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Concern over the future of Gladstone Nature Park has failed to sidetrack the city’s plans to build new civic buildings.

PHOTO BY: RAYMOND RENDLEMAN - Gladstone Nature Park on a fall morning.On Tuesday evening by 58-to-42-percent preliminary results, voters passed a ballot measure to authorize a new Gladstone City Hall estimated at $4 million and police station estimated at $7.2 million. “Sale of certain city properties” is expected to cover approximately $3 million of those costs.

PHOTO BY: RAYMOND RENDLEMAN - This sign in front of Gladstone Nature Park commemorates Metro giving a grant to the city to improve the park.Councilor Kim Sieckmann said that the election was a big deal for realizing Gladstone’s next chapter.

“There are a few people who really tried to raise a ruckus, but obviously the majority of the voters want to see things move forward, and sometimes tough decisions need to be made to move things forward,” Sieckmann said.

Some citizens were upset when they found out that Gladstone Nature Park, the 10 acres on the corner of Webster and Oatfield Roads developed only with a walking trail, was designated for possible sale by the city after “No park lands will be sold” appeared as part of City Councilor Steve Johnson’s argument in favor of Measure 3-471.

PHOTO BY: RAYMOND RENDLEMAN - The 10-acre area behind Kearns Market is zoned commercial but is known as Gladstone Nature Park.Gladstone Nature Park is listed as a park on the city’s website, but zoning shows it as undeveloped commercial property.

PHOTO BY: RAYMOND RENDLEMAN - Construction is underway on 122 apartments in the 4-acre site next to Gladstone Nature Park.Metro’s $80,000 Nature in Neighborhoods grant allowed the city to improve the area and purchase a trail easement in 2006. The city bought the property for $3.1 million as a public park and potential library site.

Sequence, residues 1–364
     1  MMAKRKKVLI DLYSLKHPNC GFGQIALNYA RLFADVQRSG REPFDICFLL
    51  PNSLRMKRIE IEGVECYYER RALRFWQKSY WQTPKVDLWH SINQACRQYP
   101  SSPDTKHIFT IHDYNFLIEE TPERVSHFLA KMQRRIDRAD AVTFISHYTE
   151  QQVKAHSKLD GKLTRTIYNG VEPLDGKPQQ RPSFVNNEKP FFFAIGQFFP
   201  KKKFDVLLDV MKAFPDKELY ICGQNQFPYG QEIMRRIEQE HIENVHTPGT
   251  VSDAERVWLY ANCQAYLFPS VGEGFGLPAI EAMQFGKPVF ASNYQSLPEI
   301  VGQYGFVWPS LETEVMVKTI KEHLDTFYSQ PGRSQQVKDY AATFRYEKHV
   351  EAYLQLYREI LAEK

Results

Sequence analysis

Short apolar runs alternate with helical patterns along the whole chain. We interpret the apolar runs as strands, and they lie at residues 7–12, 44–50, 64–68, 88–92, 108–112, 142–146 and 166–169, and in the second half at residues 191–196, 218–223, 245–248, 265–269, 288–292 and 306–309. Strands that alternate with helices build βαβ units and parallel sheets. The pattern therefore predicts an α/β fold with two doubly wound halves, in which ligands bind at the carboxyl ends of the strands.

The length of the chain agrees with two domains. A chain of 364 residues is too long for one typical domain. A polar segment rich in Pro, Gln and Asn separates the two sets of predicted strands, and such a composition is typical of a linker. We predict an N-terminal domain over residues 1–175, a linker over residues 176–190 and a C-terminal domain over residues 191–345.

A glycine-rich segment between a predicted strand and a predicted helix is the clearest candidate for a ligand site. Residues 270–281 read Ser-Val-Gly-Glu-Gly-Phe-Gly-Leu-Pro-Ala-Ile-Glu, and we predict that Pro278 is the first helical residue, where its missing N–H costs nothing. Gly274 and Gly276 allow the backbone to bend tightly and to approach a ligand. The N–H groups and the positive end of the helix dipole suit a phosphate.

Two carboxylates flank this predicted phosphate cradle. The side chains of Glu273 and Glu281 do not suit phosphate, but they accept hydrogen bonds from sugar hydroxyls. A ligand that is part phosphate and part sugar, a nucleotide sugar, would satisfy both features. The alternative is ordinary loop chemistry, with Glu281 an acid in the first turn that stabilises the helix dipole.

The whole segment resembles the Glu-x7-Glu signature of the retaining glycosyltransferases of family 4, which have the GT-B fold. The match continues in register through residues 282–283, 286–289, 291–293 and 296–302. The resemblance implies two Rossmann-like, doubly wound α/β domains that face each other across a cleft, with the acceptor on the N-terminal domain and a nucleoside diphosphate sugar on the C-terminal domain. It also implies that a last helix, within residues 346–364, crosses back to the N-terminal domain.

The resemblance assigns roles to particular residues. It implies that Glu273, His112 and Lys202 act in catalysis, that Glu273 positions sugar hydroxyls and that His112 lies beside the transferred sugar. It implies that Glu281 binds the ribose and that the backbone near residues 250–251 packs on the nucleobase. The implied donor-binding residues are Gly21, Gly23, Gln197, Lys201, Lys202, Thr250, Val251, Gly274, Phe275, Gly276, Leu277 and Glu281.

Mayor Dominick Jacobellis explained that the city owns few available parcels of land for possible sale. While recognizing the value of park land, Jacobellis said, City Council ordered a comprehensive study of available city-owned land to facilitate informed decisions about funding new civic buildings.

“The short answer to a complicated topic is that it is has not been designated to be sold,” Jacobellis said, adding “it is a possible funding source.”

City councilors faced a group of angry citizens at their Oct. 22 town hall on the ballot measure. Opponents of the ballot measure have been picketing in front of Gladstone Nature Park.

“It’s not a nature park; it’s commercial property with a trail running through it, and part of it is the city’s fault for not labeling it properly,” Sieckmann said.

Sieckmann and Councilor Pat McMahon said that they’ll be looking forward to lots of opportunities for public involvement as part of City Council’s due diligence period for now considering how to fund civic buildings.

“Disregarding the nature trail, I ran for election because I wanted to see the new police station and City Hall projects completed, and the previous City Council waited for years without doing anything, so I’m excited to move on to the next steps,” McMahon said.

Councilor Steve Johnson said that he didn’t mean to mislead anyone when he wrote the opinion for the Voters’ Pamphlet. He said he was trying to assure residents about Cross Park and Meldrum Bar Park, Gladstone’s two large parks along the Clackamas and Willamette rivers.

“Even if that particular line had not been in my argument, I think we still would have gotten some of this,” Johnson said. “There are a lot of people who are still upset over that particular piece of property, and so we’re going to have to start a healing process. It was an expensive lesson for me since I had to pay for that argument with my own money ($400 to the Clackamas County Elections Office).”

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